Denis O'Connor, a mosaic muralist who executed massive portraits of idealized California life at many Home Savings of America buildings in the 1960s and 1970s as part of an ambitious public art program, has died. He was 74.
O'Connor, who lived in Anza, Calif., died Dec. 26 of a heart attack at a friend's home in Ontario. His family announced his death last week.
"The volume of work that he did was pretty much unprecedented, except for the Italian masters," Lillian Sizemore, a mosaic historian and artist, told The Times on Wednesday. "Certainly, in the U.S., he was definitely a master."
O'Connor, a British immigrant, was a foot soldier in a unique American campaign to bring art to the people.
The grand-scaled bank buildings -- with marble exteriors and interiors featuring colorful tile murals, stained glass and sculptures -- turned the Home Savings branches into instant landmarks in California communities that often lacked distinctive structures. Many of the buildings and artwork were designed by Millard Sheets, an artist and architect who often signed the murals, although assistants did most of the actual work.
"Millard was a master visionary, and he would find people to execute these architectural visions. He was a big personality and because of that . . . Denis wasn't always given the credit he was due," said Sizemore, who studied with O'Connor last year.
Over 19 years, O'Connor produced about 80 mosaics for Home Savings, Sizemore said. Washington Mutual took over Home Savings in 1998, but many examples of O'Connor's exacting artistry still stand. The murals were meant to reflect California history, family life and local landmarks and often were specific to a bank's geographic location.
"Everyone seems to love the one he did at Sunset and Vine," said Sizemore of the Hollywood-influenced work that features Julie Andrews as Mary Poppins among the dozen scenes of movie characters.
Near Knott's Berry Farm in Buena Park is a piece that depicts Native Americans, cowboys and the railroad coming through in "gorgeous colors," Sizemore said. Embedded in the work is O'Connor's tile signature, a "CD" inside a circle.
His mosaic for a Santa Monica Home Savings featured dolphins jumping out of the waves. When the building was torn down, he was resigned to the fact that he had no control over the artwork, said Suzanne O'Connor, his daughter-in-law.
"Someone had commissioned him to create it and after that, it belonged to them," she said.
The alliance between art and money paid dividends for Home Savings, Denis O'Connor told the Riverside Press-Enterprise in 2001. "They kept using murals because the banks that had murals on them got more new accounts than those that didn't have murals," he said.
The Home Savings murals made up the bulk of his work, including original mosaics he made and installed at the bank's branches across the country. But he also designed and installed mosaics for a number of churches, other public buildings and private clients that included Cher and Bette Midler, his family said.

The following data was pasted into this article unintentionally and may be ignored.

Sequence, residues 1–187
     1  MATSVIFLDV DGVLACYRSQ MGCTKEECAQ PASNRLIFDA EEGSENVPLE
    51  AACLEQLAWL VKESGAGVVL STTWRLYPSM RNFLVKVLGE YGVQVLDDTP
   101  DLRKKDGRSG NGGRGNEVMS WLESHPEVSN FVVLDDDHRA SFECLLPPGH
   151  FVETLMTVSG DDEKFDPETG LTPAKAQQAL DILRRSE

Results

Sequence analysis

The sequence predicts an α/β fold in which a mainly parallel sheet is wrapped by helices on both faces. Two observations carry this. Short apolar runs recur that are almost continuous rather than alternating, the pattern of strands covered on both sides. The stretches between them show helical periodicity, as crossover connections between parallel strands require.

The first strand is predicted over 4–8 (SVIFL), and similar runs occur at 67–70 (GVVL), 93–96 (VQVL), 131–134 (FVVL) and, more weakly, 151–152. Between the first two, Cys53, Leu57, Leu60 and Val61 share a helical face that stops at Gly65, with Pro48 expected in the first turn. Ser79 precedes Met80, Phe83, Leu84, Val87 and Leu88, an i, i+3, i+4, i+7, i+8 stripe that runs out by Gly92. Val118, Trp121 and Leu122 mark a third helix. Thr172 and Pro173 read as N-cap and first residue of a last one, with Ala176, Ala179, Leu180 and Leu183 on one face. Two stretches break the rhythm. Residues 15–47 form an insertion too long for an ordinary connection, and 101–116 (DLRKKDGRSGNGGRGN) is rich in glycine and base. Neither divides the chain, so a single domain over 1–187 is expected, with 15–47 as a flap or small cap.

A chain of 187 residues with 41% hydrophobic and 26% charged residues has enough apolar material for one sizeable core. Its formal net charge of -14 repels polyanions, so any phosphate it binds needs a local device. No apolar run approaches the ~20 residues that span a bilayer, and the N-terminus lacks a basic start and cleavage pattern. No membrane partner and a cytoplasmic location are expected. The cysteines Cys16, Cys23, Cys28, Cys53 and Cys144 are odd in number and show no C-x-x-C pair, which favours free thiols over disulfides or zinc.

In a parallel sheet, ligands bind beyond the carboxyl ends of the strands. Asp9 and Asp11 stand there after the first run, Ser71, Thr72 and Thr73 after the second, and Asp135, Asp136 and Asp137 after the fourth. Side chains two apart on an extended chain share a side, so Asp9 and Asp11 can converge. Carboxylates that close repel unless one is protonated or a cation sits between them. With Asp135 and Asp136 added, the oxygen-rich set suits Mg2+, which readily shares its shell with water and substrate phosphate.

His last major project was a 25-foot by 15-foot mural of angels installed in 2001 at St. John Vianney Catholic Church on Balboa Island. The work took him two years to complete.
The only child of a coal miner and his homemaker wife, O'Connor was born in 1933 in the English coastal town of Seaham Harbour. His mother died when he was 11. He earned a degree in drawing and sculpture from the Royal College of Art in London.
With his wife and son, O'Connor came to the United States in 1959.
From New York, the family drove to California, a cross-country trip that inspired O'Connor's love of the desert. They settled in Claremont, where his in-laws lived.
An exhibit of O'Connor's work at Scripps College caught the attention of Sheets, who hired him as an assistant mosaicist in 1960. O'Connor opened his own mosaic business in 1963 but continued to work with Sheets, who died in 1989.
O'Connor moved to his five-acre spread in the desert in Anza in 1994. A three-building compound allowed him to continue to work and give the occasional mosaic workshop. Mainly, he tended an extensive garden filled with cactuses and native shrubbery.
As a hobby, O'Connor collected antique bottles that he dug from the ground in Tuscarora, Nev., a ghost town where he visited his friend, potter Dennis Parks.
Suzanne O'Connor said her father-in-law "had a delicious sense of humor" and often turned his Claremont backyard into a piece of art by pouring Mr. Bubble soap into the Jacuzzi and turning on the jets.
He is survived by his son, Kevin O'Connor, a web designer; and a granddaughter.